The Big Ten is finally coming together after a two-year slide in conference play.
The conference was one of the Big Ten’s two worst in the first half of the 2016-17 season, when it dropped four of its final five games.
That has changed dramatically since the beginning of the decade, with conference play ranking third in the country in total games played and fourth in the Big 10 in total conference games.
In the second half of that season, Michigan and Ohio State went to the Final Four, while Wisconsin, Iowa and Michigan State fell to the Sweet 16.
Michigan’s emergence as one of college basketball’s best teams has been driven by two things: its freshman class and the emergence of four-star shooting guard Jahlil Okafor.
Michigan also has a lot of talent at its disposal, including four-stars Tyler Ulis, Jordan Morris, Jaron Blossomgame and Jahlill Okafore.
That gives Michigan plenty of firepower in the frontcourt, and that’s exactly what it needed after a tumultuous summer.
Michigan started the season as a dark horse to win the Big 12, but that fell apart.
Michigan had the nation’s second-best record and ranked No. 1 in the polls.
But after a disappointing loss to Purdue, the Wolverines were on a roll, winning seven of their last nine games.
Michigan then took a big step forward in the second month of the season, finishing the year ranked No, 1 in polls and averaging a Big Ten-best 73.6 points per game.
The Wolverines shot 50 percent from three-point range and outrebounded their opponents by a staggering margin.
Then Michigan went to an all-star break with a chance to win its second straight Big Ten title.
Then the Wolverine offense began to fall apart.
The offense wasn’t the problem.
The problem was the defense.
The defense wasn’t good.
The solution was to get OkaFOR.
Now, as the Big East has lost its two best defenses, it’s going to be a struggle for Michigan to stay relevant in the conference.
There’s no denying that the Wolverins’ offense has been one of its biggest problems over the past few years.
But they still managed to lead the Big Eight in scoring and rank second in the league in steals per game, while adding a lot more depth to the front line.
And OkaFor is exactly what the Wolveries needed to finally get things back on track.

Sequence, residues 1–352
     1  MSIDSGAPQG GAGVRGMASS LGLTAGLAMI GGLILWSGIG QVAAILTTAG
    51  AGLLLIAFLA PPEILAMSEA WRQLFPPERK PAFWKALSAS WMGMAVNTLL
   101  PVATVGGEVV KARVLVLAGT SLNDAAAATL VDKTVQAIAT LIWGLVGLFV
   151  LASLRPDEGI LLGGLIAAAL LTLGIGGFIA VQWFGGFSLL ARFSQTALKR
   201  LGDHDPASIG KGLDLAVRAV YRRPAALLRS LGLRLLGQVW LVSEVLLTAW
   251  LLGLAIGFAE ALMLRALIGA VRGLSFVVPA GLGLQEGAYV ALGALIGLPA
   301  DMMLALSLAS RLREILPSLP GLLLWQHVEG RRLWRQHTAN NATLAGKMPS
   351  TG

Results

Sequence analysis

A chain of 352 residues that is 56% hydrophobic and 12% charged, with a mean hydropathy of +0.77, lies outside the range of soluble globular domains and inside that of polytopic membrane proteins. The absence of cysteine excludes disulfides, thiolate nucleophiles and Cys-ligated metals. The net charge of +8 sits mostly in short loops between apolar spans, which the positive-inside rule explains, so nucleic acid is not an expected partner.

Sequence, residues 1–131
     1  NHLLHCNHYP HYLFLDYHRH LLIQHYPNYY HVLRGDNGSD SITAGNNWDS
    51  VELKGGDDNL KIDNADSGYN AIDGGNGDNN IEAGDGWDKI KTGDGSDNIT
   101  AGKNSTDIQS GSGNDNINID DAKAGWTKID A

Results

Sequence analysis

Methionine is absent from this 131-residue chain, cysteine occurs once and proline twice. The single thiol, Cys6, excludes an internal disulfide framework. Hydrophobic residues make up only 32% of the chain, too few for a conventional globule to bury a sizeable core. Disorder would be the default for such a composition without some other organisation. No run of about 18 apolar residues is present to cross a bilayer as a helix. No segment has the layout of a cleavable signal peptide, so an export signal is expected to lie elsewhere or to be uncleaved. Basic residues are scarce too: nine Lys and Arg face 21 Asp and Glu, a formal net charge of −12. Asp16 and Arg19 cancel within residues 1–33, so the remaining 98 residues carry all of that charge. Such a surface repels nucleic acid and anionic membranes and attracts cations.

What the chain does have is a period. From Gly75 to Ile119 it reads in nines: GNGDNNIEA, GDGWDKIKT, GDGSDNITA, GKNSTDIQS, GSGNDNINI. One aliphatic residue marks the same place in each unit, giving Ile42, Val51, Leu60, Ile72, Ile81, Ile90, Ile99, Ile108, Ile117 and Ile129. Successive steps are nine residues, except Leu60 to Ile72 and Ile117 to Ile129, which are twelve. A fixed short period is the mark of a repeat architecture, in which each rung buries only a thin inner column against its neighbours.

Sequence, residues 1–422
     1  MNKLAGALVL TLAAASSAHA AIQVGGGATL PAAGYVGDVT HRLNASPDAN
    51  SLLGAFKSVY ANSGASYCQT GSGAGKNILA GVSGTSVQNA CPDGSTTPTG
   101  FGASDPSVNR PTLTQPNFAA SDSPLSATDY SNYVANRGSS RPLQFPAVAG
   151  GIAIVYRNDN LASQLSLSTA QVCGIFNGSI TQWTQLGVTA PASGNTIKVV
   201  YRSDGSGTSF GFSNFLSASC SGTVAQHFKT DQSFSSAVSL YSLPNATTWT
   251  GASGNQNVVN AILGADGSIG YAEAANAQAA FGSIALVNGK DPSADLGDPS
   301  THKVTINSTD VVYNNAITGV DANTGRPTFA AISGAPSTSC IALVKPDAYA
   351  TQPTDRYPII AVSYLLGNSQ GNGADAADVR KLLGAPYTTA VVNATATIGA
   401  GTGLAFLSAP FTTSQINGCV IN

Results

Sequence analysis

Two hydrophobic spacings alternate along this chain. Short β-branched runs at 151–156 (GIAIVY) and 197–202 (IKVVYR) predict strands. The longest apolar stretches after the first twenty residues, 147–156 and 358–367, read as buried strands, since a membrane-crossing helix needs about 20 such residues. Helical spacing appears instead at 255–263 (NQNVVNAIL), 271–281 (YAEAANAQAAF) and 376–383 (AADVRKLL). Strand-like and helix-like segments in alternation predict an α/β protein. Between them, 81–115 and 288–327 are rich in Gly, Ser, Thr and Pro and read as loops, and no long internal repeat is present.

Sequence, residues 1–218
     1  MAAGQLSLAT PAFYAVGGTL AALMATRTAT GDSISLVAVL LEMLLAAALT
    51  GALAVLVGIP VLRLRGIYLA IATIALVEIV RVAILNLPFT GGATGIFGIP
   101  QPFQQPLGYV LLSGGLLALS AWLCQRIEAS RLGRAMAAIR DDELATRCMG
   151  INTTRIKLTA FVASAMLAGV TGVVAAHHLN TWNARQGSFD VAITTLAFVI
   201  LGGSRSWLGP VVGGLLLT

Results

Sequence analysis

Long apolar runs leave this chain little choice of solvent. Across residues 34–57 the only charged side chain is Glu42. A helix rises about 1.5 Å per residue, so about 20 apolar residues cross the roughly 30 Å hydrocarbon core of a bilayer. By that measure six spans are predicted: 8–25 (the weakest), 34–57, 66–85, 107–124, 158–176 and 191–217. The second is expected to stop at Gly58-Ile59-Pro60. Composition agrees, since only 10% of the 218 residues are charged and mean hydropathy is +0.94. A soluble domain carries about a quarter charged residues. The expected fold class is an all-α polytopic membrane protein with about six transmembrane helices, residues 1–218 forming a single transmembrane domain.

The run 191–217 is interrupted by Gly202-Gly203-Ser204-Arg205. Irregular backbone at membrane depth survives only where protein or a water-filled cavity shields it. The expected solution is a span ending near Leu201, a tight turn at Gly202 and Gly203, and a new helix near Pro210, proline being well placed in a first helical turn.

Okafor’s impact on Michigan has been significant.
The 6-foot-11 forward has been a huge part of the offense, shooting a team-high 48.2 percent from the field and 37.2 points per contest.
He has also added 10.5 rebounds per game and added 1.5 blocks per game to go along with his 14.4 steals per contest, good for ninth in the nation.
That’s enough to get a lot better defensively than he has over the last two years, and he should help Michigan defend against the big men and small forwards in the paint.
He’s been a reliable option on the perimeter, posting a career-high in three-pointers made per game (1.7) and is second in steals and blocks per contest (1,957).
But Michigan isn’t going to just rely on OkaFore, either.
It also needs to replace its three-star recruiting class.
Michigan lost six-star guard Anthony Robinson, who committed to Florida State last season, and six-plus-star prospect Jalen Coleman, who is currently committed to Michigan State.
They’re all expected to sign soon, but it will be tough to keep them on the roster long-term.
Michigan needs to bring in a much better defensive player to replace them.
As for OkaFresh’s impact in recruiting?
Michigan is now ranked No., 8 in the recruiting rankings.
The program signed eight four- and five-star recruits this summer, and the Wolverons are on pace to sign another 10.
Michigan has struggled in the postseason the past two years.
Michigan finished 10-28 in the regular season and 12-21 in the tournament.
Michigan got knocked out in the round of 64 by Indiana.
Michigan is also on the outside of the NCAA Tournament for the first time since the 2010 NCAA Tournament, losing to Florida, Duke and UCLA in the NCAA tournament.
It’s unclear if OkaAnd’s impact will change that trend.
Michigan has made some notable additions in recent years, including six-figure recruits Jalin Marshall and Jalen Hester.
But the program still has a long way to go.
Michigan hasn’t been to the NCAA Final Four since 2010, and it has never won the Big Dance.
It has never reached the Elite Eight, and its current three-year winning streak is the worst in college basketball.